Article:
Well, they can’t all be Gravity. This may have been a largely fragrant year for film, but there had to be some stinkers. The law of averages demands it, and, as laws go, that one's a stickler. Here are the dirtiest dozen of the films released in cinemas this year...
SCARY MOVIE 5
Horror antagonists always come back from the dead, which is the only reason we can think of to account for the otherwise inexplicable arrival of Scary Movie 5, seven years after part four. Amid the disastrous attempts at humour, it took pot-shots at Sinister, Mama and the Evil Dead remake. If for some reason you wanted to defend it, at least you could give it credit for being up to date. - - - - - -
THE BIG WEDDING
Sarandon! De Niro! Keaton! Williams! Seyfried! Heigl! Barnes! Shite! - - - - - -
A GOOD DAY TO DIE HARD
Beethoven's Ode To Joy graced the trailer as always, but Die Hard 5 was a joyless, cynical, dispiriting, murky, lazy, disrespectful trickle of urine across the grave of a still-classic original. Those couples who turned out on February 14 were about to have a very bad date. ONLY GOD FORGIVES
The fact that this also shows up on our best films of the year list demonstrates just how divisive the taciturn Gosling/Refn pummelfest was, even within this single office. Apparently, karaoke cops who can magic swords out of their backs just aren't for everybody. - - - - - -
THE MORTAL INSTRUMENTS: CITY OF BONES
Post-Twilight/Hunger Games, the clamour for the next megabucks book-based young adult franchise sent Screen Gems running to Cassandra Clare, with dreary results. The scattershot, all-over-the-place energy of the books is replaced with simple blandness, but still those who hadn't read Clare struggled to follow the proceedings. The dialogue, meanwhile, seemed to have been created with a random generator – especially the bit where they claim that Bach's music is just the thing for repelling demons. - - - - - -
THE LAST EXORCISM PART II
It's easy to snigger at a sequel to something with "last" in its title, but that was the least of the problems here. No fewer than two directors failed to do anything but grind any leftover goodwill from the excellent original into the dust, and the returning Ashley Bell, three years on, now looks too old for her role. DIANA
"A screenplay based on questionable taste and tittle-tattle," said Angie Errigo in her Empire review. "Mills & Boon, low-brow and soapy... more terrible and tacky than one could have imagined." Somehow, it was the work of the director of Downfall. Naomi Watts (kind of) looked the part, but nobody could quite understand what she was thinking. "If you can't smell the fragrance, don't come into the garden of love," was the worst line, but it was a close-run thing.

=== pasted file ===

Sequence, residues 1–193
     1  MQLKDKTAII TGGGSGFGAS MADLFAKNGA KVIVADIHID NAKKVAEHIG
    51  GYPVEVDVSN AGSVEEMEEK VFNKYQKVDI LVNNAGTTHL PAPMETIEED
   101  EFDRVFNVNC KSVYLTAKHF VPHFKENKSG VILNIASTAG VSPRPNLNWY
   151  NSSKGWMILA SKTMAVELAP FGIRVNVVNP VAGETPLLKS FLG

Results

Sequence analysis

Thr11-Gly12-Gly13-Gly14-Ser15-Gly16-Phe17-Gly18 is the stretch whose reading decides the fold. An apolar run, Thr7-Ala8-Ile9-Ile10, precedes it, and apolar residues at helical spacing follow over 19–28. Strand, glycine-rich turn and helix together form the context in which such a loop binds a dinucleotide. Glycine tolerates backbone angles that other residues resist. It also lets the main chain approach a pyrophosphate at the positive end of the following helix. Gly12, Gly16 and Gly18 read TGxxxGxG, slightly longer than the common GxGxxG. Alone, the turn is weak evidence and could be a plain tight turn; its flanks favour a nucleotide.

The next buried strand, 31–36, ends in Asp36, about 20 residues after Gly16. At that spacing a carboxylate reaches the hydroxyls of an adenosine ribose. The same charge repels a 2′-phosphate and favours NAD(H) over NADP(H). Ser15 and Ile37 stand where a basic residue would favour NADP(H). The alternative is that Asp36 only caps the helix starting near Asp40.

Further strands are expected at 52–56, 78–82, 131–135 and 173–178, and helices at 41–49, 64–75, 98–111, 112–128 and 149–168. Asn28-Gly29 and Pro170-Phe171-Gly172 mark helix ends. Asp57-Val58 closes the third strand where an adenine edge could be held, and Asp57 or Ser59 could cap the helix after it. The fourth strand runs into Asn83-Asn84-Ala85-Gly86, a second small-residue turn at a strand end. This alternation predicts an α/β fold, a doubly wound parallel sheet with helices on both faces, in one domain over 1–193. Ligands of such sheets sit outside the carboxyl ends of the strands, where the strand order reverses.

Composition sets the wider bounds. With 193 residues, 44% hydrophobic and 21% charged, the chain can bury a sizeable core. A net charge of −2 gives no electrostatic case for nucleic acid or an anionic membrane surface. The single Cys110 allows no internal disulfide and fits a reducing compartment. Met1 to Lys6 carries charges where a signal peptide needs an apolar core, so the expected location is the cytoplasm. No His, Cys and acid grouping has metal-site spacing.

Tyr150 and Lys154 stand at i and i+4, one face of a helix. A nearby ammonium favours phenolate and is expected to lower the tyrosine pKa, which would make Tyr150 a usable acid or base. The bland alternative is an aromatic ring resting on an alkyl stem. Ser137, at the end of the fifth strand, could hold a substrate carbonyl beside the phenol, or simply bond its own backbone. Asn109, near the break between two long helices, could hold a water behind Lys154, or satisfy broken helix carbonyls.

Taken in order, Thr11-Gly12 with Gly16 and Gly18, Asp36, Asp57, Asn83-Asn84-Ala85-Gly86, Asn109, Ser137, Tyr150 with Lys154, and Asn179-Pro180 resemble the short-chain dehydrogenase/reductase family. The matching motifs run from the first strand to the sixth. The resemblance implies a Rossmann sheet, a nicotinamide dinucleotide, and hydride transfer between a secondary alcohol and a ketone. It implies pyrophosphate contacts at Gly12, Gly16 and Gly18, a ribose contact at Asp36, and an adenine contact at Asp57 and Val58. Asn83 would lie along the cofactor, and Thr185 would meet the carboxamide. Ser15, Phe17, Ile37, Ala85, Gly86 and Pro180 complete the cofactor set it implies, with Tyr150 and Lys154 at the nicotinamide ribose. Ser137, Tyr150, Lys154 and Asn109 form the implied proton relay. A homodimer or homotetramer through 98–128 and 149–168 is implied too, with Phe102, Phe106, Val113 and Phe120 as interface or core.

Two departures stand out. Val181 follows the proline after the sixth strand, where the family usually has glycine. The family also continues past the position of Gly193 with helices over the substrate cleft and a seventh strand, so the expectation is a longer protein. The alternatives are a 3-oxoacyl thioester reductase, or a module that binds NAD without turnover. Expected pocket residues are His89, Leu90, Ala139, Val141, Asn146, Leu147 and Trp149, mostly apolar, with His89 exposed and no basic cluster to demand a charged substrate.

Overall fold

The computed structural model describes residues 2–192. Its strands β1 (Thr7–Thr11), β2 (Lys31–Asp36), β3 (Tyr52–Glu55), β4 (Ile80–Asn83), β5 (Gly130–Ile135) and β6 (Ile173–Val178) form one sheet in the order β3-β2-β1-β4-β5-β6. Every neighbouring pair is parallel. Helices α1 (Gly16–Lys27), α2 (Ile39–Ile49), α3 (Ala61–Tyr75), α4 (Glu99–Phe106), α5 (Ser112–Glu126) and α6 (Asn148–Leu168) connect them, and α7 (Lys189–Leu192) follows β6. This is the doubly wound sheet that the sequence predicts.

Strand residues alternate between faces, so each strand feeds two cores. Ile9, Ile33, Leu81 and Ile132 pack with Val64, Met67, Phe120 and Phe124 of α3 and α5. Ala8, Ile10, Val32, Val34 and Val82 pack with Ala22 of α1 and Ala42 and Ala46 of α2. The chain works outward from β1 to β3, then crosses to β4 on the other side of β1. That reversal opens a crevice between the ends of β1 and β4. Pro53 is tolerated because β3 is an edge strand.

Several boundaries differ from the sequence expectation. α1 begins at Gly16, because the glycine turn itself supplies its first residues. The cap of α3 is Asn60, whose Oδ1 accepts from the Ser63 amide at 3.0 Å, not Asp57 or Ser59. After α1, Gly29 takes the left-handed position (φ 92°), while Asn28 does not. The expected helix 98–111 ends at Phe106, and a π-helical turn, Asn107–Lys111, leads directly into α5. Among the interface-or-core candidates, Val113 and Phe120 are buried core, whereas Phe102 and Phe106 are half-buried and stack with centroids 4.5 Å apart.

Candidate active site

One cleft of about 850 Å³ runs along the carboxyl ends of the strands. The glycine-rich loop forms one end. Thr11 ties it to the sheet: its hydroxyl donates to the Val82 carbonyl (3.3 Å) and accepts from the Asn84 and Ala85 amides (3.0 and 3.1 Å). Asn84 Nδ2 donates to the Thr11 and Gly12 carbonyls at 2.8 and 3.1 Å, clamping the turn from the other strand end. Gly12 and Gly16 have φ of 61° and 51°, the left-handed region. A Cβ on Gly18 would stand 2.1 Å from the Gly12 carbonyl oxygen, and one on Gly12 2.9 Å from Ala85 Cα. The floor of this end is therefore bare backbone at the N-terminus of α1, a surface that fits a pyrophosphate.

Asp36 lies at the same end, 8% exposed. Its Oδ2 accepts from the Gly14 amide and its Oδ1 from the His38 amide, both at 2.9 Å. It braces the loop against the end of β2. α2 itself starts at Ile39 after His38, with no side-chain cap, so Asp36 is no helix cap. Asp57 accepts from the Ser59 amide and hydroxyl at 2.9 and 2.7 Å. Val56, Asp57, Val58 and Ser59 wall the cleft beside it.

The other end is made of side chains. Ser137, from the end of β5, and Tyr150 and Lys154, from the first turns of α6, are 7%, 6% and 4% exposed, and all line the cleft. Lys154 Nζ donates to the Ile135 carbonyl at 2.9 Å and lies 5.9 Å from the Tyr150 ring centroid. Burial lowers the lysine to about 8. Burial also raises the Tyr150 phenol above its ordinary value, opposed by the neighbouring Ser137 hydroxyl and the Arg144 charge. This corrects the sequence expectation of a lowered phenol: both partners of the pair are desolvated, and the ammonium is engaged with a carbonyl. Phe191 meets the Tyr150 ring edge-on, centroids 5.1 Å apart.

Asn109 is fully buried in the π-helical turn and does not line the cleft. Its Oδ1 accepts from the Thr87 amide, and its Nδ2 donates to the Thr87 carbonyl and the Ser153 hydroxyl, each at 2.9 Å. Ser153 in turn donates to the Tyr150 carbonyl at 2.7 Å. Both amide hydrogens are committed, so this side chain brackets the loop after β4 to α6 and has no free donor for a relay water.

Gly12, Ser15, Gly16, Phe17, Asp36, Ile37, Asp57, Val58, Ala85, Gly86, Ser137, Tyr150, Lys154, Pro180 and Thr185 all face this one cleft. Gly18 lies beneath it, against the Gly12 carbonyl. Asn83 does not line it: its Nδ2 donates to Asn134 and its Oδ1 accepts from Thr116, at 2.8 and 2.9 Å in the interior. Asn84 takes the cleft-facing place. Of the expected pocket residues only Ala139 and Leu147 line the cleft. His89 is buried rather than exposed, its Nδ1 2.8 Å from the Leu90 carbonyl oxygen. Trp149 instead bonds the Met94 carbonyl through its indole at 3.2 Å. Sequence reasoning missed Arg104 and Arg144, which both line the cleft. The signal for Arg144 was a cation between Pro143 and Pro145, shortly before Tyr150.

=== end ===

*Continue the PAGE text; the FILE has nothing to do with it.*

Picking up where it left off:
G.I. JOE: RETALIATION
Weightless, kid-friendly CGI action that astoundingly managed to be worse than the Stephen Sommers original, despite having Bruce Willis and The Rock parachuted in to give the whole thing a bit of pep. Channing Tatum, wisely, got himself killed off early on. Despite the valiant efforts of Johnson and company to soldier on, it never really blew up. - - - - - -
MAY I KILL U?
"Please god, yes," said the four people that saw this witless killer cop satire. THE FAMILY
Luc Besson sells a stereotyped France to the Americans once again, this time in a pedestrian gangster / witness protection comedy. Robert De Niro, Michelle Pfeiffer and Tommy Lee Jones go through the motions, which include a thuddingly obvious GoodFellas meta-moment. - - - - - -
30 NIGHTS OF PARANORMAL ACTIVITY WITH THE DEVIL INSIDE THE GIRL WITH THE DRAGON TATTOO
The title tells you everything you need to know – and is, unbelievably, better than the film itself. See also A Haunted House, Movie 43 and The Starving Games. Parodies: fuck alla y'all. - - - - - -
An Internet-age comedy that would have felt dated ten years ago, The Internship coasted by on the easygoing charms of Vince Vaughn and Owen Wilson – and if you're not aboard that particular train, there's utterly nothing here for you. Most egregious is the central placement of Google as an aspirational utopia, but toughest to take was the running time of 73 hours (estimated). Frankly, Shawn Levy can stick his "googliness" up his Aasif Mandvi. - - - - - -
This was one of those Snakes On A Plane affairs beloved of Asylum and SyFy that exists only to get attention on Twitter for being stupid and rubbish. "So bad, it's good!" say credulous defenders who've been told they are allowed to think this by clever viral marketing. "Just so bad," say people capable of independent thought. MOVIE 43
In his Empire Podcast interview, Stephen Merchant explained that he appeared in Peter Farrelly’s jaw-droppingly terrible sketch comedy anthology film because he couldn’t turn down the chance to see Halle Berry stir a bowl of guacamole with a prosthetic breast. That’s a fair excuse, but we await decent reasons for committing cinematic hara-kiri from Elizabeth Banks, Kristen Bell, Leslie Bibb, Kate Bosworth, Gerard Butler, Kieran Culkin, Josh Duhamel, Anna Faris, Richard Gere, Terrence Howard, Hugh Jackman, Greg Kinnear, Johnny Knoxville, Justin Long, Aasif Mandvi, Jack McBrayer, Christopher Mintz-Plasse, Julianne Moore, Chloë Grace Moretz, Chris Pratt, Dennis Quaid, Liev Schreiber, Seann William Scott, Tony Shalhoub, Emma Stone, Jason Sudeikis, Uma Thurman, Naomi Watts, Kate Winslet, Anton Yelchin, Seth MacFarlane and, of course, Halle Berry.